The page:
The Warrior's Apprentice by Lois McMaster Bujold, published 1986
(In-Universe #3 chronologically in the Miles Vorkosigan Saga)
Basically, stunted "mutant" Miles Vorkosigan (who you may remember from last time), fails to get into Military Academy, goes to see his grandma on the liberal planet, ends up accidentally getting into a war, and is (as he has been so perfectly described to me by a friend) "such a spaz." But a genius, hilarious, endearing, and brilliant spaz.
I don't have much to say about this. My sheer glee and adoration of it is beyond my powers of in-depth description at the moment (and frankly, I'd rather go to sleep, given the hour). What I do know is that I adore Miles Vorkosigan. My love for him is surpassed only by my love for Aral Vorkosigan. Curse these feudal class systems of honor and female oppression! They are far too tantalizing. Thousands of years of cultural evolution is hard to combat with only a few decades of feminism. That's probably why all the female characters in these novels are such intense badasses. The Counts and Lords and all their barbaric ways speak so deeply to the human psyche, even as we know that the enjoyment of such things are a dirty secret to indulge in. I shall say that I am slightly willing to overlook the utter-oddness of some of the stuff in the first two books, just because it gets me Miles (and since they were written completely out of order, I guess maybe it took some retconning to get it to work right.)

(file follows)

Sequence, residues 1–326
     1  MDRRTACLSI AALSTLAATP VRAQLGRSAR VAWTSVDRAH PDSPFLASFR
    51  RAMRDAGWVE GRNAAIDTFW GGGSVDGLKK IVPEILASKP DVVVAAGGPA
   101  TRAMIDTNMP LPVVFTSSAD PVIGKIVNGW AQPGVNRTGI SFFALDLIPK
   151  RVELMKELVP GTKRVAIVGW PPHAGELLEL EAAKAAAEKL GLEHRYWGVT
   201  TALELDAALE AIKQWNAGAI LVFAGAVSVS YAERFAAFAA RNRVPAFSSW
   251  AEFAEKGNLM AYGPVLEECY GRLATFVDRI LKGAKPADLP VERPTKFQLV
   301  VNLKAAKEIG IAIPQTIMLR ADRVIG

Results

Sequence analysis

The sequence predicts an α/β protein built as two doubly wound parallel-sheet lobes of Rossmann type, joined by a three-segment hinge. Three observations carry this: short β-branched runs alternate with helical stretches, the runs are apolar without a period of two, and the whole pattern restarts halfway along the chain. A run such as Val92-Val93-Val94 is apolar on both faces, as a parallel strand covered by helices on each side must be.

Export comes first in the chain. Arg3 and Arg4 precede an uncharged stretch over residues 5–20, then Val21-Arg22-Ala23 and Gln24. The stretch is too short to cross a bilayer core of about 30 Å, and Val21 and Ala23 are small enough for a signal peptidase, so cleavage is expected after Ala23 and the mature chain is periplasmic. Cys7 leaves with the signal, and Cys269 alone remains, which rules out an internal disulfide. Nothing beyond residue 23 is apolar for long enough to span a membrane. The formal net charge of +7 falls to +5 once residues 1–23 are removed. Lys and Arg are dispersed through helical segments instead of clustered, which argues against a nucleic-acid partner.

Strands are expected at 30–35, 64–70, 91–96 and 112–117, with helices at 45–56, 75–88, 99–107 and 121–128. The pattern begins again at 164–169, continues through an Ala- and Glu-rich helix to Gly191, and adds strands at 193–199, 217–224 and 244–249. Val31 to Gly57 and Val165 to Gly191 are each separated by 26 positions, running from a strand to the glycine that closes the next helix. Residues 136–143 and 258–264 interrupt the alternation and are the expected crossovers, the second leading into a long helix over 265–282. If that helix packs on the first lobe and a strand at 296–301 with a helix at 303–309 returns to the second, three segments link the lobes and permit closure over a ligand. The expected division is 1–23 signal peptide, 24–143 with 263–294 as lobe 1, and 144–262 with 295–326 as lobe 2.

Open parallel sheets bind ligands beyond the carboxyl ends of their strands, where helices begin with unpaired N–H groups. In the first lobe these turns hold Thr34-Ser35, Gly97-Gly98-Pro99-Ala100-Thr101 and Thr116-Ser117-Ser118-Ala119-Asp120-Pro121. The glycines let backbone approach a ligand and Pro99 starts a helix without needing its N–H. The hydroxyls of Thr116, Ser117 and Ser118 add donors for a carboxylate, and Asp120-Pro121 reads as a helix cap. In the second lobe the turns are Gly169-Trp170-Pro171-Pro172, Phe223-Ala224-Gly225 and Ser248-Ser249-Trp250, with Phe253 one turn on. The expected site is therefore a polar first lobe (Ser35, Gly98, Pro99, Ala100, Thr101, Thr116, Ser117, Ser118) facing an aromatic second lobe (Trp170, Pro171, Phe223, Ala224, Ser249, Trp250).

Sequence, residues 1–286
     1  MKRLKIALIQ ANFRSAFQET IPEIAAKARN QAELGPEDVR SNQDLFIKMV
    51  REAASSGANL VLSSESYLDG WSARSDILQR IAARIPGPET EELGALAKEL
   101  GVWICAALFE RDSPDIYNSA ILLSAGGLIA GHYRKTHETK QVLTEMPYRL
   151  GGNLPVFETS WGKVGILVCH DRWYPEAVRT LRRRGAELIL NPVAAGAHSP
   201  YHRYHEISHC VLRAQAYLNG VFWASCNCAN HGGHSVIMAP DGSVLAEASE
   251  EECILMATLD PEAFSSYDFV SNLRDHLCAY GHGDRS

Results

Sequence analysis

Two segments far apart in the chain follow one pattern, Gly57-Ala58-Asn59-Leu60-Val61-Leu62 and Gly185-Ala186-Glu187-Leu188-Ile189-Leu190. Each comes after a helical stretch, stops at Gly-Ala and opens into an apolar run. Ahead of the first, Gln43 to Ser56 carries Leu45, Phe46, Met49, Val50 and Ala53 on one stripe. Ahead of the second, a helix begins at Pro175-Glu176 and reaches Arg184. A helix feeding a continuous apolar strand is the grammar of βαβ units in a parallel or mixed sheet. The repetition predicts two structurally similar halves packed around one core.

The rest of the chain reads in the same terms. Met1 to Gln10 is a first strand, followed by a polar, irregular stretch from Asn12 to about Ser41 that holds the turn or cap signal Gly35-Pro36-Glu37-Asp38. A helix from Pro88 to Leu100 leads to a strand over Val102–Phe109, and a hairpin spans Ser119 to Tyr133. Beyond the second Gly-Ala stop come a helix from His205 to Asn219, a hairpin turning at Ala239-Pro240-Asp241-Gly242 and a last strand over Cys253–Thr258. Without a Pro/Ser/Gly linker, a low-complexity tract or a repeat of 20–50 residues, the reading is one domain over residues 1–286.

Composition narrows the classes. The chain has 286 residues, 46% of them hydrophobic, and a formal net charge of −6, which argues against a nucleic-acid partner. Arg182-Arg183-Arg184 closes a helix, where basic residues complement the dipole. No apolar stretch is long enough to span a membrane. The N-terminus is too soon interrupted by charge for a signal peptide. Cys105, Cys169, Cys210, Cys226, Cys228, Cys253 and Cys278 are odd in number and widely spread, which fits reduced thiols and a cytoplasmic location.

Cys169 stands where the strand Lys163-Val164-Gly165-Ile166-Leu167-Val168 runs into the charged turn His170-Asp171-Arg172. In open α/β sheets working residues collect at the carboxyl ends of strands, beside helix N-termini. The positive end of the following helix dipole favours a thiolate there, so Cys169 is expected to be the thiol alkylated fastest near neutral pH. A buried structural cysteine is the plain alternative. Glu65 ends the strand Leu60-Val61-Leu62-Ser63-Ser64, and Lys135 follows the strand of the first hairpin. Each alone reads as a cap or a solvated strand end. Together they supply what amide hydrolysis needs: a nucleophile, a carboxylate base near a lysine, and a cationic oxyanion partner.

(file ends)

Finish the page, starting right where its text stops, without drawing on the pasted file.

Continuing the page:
Onward! I have checked out this entire series from the library in one fell (and, I am told, "aggressive") swoop to prevent anyone else from checking them out while I'm trying to blast through them. Bwahaha. The next one is an actual Hugo winner.
- Pseudo-Hugo: The Warrior's Apprentice